The Necessary Death of Charlie Countryman (2013)

countrymanposterBy: Henry J. Fromage (Two Beers) –

Look, I get it.  Shia LaBeouf shoots his mouth off far too often, regardless of the merit of his targets, seems to have a fascination with wagging his penis in our faces as often as possible (if you must… Sigur Ros, plus the upcoming Lars Von Trier sextravaganza Nymphomaniac), and clearly thinks he’s some kind of young Marlon Brando.


Nope, not gonna cut it

Still, you can’t deny he has an eye for interesting projects post-Transformers, and Charlie Countryman certainly qualifies as interesting.  If the time-honored tale of a young man who goes to Bucharest on the behest of his recently be-ghosted mother, Sixth Sense’s it up with a Hungarian man on the plane over, then falls in love with his daughter (Evan Rachel Wood) upon arriving, only to run afoul of her scary gangster Ex (Mads Mikkelsen) who, as you’ll notice by casting alone, isn’t taking it lightly.

A Toast

Charlie Countryman has quite the eclectic mix of ideas for sale, but I’m buying what it’s selling.  First time, former commercials director Fredrik Bond has style to spare, imbuing the film with a grungy, neon-splashed look halfway between Danny Boyle and Nicolas Windig Refn, clearly enjoys experimenting with his camera to mixed but generally awesome results, and sets it all to an ace pop and electronica-infused soundtrack.  The result is a dynamic, beautiful, and never-boring film.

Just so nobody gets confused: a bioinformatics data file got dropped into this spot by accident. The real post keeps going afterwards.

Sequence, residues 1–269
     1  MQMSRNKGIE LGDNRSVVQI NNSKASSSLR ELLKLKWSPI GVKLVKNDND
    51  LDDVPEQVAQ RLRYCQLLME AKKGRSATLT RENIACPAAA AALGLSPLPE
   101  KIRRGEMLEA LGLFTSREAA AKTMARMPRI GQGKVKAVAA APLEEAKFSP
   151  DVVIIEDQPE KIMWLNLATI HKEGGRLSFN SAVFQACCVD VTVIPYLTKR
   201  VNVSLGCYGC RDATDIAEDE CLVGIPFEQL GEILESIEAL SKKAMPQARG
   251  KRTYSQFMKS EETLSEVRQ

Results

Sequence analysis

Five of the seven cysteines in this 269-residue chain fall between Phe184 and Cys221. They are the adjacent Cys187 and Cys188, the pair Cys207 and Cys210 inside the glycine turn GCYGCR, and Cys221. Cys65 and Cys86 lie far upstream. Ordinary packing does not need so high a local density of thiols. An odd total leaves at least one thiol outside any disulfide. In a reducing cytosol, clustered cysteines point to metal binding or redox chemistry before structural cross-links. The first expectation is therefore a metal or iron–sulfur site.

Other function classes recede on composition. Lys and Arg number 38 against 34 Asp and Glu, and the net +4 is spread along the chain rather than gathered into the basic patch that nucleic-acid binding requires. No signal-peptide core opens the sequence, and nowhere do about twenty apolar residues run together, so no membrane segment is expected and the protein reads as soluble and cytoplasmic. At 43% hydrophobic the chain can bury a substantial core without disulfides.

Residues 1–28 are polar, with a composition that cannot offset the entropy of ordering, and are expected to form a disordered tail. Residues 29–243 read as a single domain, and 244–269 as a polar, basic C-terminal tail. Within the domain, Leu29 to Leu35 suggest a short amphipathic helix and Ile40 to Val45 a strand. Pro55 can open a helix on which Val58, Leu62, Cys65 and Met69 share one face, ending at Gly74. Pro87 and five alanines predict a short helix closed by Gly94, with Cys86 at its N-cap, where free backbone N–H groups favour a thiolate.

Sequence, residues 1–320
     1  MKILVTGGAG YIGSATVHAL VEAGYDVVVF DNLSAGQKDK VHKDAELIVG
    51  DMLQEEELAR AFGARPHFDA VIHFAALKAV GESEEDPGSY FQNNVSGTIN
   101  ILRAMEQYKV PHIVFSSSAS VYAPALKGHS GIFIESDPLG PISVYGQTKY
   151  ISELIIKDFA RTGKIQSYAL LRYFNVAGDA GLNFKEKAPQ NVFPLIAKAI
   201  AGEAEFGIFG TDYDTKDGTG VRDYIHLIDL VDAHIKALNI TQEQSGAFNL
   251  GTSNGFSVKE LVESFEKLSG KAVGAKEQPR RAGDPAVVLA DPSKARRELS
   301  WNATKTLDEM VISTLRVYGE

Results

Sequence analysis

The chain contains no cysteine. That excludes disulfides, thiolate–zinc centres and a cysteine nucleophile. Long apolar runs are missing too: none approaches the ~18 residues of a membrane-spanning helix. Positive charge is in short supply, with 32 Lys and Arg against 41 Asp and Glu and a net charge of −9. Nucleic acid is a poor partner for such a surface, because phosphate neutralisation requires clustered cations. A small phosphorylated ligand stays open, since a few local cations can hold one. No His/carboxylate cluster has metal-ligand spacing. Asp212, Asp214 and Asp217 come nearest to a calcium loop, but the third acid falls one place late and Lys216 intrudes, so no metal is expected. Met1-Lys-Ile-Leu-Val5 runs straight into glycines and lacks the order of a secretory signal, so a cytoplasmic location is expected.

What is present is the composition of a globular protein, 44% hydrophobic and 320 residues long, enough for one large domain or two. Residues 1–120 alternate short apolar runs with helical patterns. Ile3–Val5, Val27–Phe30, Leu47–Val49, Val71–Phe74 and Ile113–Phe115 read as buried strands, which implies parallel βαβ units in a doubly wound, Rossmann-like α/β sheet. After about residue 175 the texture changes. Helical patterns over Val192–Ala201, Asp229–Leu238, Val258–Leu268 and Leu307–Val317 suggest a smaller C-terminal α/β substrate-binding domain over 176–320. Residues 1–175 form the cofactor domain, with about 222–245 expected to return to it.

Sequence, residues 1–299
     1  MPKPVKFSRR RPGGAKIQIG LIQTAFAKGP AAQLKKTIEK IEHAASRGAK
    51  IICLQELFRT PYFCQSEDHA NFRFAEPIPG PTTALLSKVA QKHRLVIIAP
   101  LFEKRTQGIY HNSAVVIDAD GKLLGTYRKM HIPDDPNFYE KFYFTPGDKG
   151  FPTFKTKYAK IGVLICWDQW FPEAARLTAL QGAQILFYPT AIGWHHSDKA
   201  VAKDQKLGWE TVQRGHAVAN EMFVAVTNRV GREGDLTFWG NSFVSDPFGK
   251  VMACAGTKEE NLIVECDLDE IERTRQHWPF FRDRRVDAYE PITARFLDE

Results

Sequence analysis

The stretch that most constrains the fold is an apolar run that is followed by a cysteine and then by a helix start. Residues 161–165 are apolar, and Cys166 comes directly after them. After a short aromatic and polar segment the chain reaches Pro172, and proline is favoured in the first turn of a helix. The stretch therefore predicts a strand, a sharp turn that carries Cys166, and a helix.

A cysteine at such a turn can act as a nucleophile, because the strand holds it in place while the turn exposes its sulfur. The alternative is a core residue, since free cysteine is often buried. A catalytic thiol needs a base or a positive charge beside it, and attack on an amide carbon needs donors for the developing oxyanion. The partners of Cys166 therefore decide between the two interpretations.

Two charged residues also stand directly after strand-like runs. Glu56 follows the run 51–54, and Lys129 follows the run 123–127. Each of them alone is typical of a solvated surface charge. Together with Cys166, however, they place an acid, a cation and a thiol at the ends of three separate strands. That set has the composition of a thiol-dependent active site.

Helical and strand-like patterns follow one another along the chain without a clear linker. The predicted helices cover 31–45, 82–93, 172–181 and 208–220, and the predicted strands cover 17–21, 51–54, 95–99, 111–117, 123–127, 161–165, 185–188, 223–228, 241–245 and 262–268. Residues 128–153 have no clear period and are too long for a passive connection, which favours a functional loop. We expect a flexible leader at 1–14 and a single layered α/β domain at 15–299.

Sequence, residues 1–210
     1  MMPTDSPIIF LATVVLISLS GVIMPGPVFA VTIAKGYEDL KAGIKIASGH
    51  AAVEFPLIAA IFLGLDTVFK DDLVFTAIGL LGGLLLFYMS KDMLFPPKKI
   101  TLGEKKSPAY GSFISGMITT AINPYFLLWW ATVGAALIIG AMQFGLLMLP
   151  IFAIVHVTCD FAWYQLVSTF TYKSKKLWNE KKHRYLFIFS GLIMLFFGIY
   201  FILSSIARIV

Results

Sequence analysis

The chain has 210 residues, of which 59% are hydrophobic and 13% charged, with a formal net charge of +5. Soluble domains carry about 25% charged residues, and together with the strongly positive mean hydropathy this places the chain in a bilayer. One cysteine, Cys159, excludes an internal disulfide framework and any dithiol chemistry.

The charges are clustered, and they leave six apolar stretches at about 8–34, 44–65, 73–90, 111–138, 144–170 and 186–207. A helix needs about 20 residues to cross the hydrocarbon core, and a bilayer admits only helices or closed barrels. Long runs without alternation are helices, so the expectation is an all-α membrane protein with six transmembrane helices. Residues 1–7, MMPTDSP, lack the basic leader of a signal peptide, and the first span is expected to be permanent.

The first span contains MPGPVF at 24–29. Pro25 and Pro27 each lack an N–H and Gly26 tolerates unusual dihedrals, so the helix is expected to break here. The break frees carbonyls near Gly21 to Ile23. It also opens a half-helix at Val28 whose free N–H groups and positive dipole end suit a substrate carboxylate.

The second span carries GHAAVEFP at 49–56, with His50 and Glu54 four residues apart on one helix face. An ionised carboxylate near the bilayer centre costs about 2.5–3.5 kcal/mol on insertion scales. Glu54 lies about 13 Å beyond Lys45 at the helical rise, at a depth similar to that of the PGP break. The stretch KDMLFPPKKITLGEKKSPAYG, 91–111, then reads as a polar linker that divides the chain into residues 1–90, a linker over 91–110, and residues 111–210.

This is the perfect approach to a script full of nutty characters and ideas that nonetheless comes together due to the generally excellent work of its cast, especially Melissa Leo, the always great Mikkelsen, and yes, LaBeouf, who delivers an engaging, believable performance in a film that stretches that believability.

I also liked how the film sweated the small details.  Just about the time you think to yourself “Hey, what about that cabbie?” Bond has you covered, unlike most Hollywood productions.


Hey, what about those thousands of people?

Beer Two

Admittedly, this script does have a bit of a dialogue problem, sometimes struggling and failing at sounding natural.  Also, it’s not nearly as funny as it thinks it is, the best efforts of Ron Weasley’s… weasel notwithstanding.


Oh, you scamp, you.



Charlie Countryman got savaged by critics, which makes me wonder how much of that is Shia exhaustion (or thin-skinned Cubs fans) at work.  Is it uneven and imperfect at times?  Sure, but it also has real ideas, attitude, and heart, all of which are in short supply at the Cineplex these days.  Give it a try.


Drinking Game

Take a Drink: anytime someone runs in slo-mo

Take a Drink: whenever you see a spirit/Avatar-thingy

Take a Drink: whenever Shia LaBeouf gets it right in the kisser

Take a Drink: whenever a character does (and/or takes drugs)

Do a Shot: if you also can’t remember where Bucharest is

About Henry J. Fromage

Movieboozer is a humor website and drinking games are intended for entertainment purposes only, please drink responsibly.

One comment

  1. I agree with the consensus of your review. I do think its a bit messy with some of its themes and characters (the whole thing with Grint could have been cut out of the movie honestly), but its got its heart in the right place and overall well executed. Great read as usual.

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